As you may recall, I am working my way through Larousse Gastronomique with A News Cafe, rather slowly, I admit. My family has just moved into a new home, and amusingly enough, I am now baking in what I lovingly call my ‘Easy Bake Oven.’
Now that the Charroins are settled and back to somewhat normal, I am determined to move briskly through Larousse. I have just the winter delight to warm your soul. What can be better than waking up to the warm scent of sweet buttery brioche? Well, I am sure there are many things that may come to mind, but for me, the aroma of a buttery, sweet delight baking in an oven, no matter how small, makes a home feel like, well … home.
Perusing through my copy of Larousse, I am fascinated by the long entries on butchering, banquets (19 pages), and the delightful history of Botulism. Choosing my ‘B’ entry was difficult. Brioche won out because of its versatility and because many people believe that brioche is a complicated bread to make. According to Larousse, brioche is often made in the shape of a circle or ball surmounted by a head. Traditionally brioche is made in a tin fluted mold, but purchasing new equipment is not necessary; brioche works fantastic in a typical bread pan or use your muffin pan for individual brioche. I hope that you will give brioche a try and discover the versatile dough that will delight and impress. Use brioche for pecan sticky buns, savory flamiche, or use day-old brioche for amazing stuffed french toast.
3 1/2 cups flour
1/2 pound unsalted butter — soft, but not greasy-soft
1 tablespoon yeast
2 teaspoons salt
2 tablespoons sugar
1/3 cup warm water
In the bowl of an electric mixer place the water and the yeast. Let the yeast ‘wake up’ and then add the egg and one cup of the flour.
Mix to combine. Cover and let rise for about 30 minutes.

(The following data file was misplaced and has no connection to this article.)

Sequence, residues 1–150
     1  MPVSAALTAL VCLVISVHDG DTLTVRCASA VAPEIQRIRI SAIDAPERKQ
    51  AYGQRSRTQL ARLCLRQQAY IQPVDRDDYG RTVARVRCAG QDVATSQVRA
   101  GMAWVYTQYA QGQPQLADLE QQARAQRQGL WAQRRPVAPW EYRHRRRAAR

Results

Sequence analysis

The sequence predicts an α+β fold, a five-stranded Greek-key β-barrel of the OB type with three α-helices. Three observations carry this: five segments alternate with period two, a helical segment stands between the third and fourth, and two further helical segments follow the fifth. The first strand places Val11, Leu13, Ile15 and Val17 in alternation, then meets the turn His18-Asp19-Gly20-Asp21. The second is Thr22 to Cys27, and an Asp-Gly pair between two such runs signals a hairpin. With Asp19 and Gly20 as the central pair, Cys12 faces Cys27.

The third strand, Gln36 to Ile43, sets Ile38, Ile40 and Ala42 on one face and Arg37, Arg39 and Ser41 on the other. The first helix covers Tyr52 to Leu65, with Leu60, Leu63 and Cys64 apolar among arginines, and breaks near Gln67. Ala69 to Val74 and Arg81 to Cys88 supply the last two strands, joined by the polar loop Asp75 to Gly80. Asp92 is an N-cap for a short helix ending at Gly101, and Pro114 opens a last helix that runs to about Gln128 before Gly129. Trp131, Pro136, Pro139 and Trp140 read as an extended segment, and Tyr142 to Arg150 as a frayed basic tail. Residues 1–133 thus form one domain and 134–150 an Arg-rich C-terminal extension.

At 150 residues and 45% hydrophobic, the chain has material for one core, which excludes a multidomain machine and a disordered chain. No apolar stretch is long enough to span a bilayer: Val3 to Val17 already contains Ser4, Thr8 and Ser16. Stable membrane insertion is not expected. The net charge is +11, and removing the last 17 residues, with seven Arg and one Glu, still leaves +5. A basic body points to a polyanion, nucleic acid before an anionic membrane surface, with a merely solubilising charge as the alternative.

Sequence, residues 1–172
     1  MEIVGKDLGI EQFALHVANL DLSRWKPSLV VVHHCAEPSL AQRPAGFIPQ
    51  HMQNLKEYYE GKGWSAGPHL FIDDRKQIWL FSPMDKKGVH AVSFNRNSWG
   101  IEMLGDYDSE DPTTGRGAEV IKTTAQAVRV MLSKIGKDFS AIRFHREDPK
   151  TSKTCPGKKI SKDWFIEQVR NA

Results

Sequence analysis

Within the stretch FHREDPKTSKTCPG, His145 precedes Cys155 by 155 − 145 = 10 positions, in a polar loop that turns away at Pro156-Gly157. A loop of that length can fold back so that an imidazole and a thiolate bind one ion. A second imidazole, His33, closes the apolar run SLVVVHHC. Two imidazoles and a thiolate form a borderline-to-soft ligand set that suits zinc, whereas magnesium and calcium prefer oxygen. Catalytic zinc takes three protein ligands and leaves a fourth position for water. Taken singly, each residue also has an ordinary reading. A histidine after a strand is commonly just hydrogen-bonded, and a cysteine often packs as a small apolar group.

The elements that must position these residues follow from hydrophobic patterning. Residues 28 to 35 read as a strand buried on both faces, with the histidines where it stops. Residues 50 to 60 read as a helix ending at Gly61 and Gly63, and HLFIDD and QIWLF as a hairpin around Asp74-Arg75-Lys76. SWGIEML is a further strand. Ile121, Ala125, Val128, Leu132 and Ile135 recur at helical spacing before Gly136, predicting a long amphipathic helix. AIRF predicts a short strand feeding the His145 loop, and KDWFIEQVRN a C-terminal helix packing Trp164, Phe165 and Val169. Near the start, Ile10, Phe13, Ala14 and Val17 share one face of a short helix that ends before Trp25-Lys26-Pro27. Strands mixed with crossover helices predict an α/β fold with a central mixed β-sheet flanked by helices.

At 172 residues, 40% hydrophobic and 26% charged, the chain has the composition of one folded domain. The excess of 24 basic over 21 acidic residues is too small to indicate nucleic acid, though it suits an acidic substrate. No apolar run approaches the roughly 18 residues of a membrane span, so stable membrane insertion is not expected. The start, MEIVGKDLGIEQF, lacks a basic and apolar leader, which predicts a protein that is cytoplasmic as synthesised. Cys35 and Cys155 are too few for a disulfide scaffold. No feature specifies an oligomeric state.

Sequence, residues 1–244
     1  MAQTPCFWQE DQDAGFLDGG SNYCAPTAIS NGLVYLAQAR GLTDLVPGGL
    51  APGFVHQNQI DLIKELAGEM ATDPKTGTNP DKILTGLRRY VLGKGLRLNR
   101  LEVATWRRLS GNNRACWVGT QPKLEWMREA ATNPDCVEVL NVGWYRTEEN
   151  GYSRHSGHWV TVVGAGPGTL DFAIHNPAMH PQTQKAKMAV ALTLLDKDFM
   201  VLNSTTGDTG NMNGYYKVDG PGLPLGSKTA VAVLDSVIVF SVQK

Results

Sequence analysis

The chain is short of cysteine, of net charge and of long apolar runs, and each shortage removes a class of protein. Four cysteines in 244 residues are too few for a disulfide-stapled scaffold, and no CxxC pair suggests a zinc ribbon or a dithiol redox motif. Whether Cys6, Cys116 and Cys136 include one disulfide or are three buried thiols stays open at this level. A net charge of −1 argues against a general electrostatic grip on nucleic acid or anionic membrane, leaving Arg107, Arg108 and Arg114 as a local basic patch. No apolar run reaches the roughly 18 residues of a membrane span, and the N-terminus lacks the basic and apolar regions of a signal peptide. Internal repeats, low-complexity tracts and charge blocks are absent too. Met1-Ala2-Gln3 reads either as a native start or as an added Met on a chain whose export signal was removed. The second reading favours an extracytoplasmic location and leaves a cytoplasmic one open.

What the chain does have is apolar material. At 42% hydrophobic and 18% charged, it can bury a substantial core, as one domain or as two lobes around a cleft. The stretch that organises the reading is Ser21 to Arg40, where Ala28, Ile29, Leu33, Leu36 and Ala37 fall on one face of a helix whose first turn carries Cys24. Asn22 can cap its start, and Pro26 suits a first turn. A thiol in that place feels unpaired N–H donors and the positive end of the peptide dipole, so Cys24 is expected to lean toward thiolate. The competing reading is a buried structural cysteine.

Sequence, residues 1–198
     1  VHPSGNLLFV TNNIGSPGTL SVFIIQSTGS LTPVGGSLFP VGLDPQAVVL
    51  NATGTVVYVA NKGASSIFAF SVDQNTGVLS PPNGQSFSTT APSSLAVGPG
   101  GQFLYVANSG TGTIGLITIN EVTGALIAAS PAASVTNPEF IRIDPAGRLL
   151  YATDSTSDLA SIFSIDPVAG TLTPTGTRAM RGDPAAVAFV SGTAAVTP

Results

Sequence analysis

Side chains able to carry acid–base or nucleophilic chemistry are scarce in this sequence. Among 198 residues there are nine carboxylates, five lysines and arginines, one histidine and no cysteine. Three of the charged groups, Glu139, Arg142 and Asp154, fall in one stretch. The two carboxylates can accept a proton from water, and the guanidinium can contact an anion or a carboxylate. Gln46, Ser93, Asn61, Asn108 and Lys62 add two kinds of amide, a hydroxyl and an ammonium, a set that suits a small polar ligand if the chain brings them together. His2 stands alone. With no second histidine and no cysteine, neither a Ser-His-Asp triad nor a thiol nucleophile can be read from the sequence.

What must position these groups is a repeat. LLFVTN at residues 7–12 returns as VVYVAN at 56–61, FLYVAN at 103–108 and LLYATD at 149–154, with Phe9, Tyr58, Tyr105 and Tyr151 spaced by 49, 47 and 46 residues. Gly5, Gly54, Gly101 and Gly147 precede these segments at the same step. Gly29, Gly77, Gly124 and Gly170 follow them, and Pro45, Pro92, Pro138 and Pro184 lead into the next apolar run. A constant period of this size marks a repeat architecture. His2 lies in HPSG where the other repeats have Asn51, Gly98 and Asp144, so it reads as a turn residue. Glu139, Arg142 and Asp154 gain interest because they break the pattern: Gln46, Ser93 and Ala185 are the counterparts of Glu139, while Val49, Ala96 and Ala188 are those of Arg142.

Add the sugar, salt, remaining flour and eggs to the mixture. Using the electric mixer fitted with a dough hook, mix on low for a few minutes to combine.
Crank up the mixer to medium high and beat the dough for about 4 minutes, or until the dough wraps itself around the dough hook. Turn the mixer down to low and add the butter in small chunks at a time.
After all of the butter has been added, turn the mixer back to medium high and beat the brioche for about 4 minutes, or until the dough wraps around the hook. The brioche should be smooth, silky, and shiny. Allow the dough to rise for about 2 hours.
On a parchment-lined baking sheet, sprinkle a little flour. Spread dough out and cover. Refrigerate overnight.
Preheat oven to 350 degrees. Form dough into loaves or in muffin tins. Be sure to butter your pans! Depending on size, bake for 20-45 minutes; check for a deep golden brown color.
Andrea Charroin is a trained baker and was a pastry chef in San Francisco before she and her family moved to Redding 11 years ago. After falling in love with Redding’s downtown, Andrea and husband Westley opened a little pastry shop, Rene-Joule Patisserie, across from the Cascade Theatre. For the three years Rene-Joule was in business, it was renowned for making everything from scratch, using the best ingredients and keeping with a seasonal menu. To this day, Andrea is asked about her Marathon Bars, Orange Twists and sourdough bread.
Copyright 2010 Andrea R. Charroin. Visit her blog at bakerslove.typepad.com
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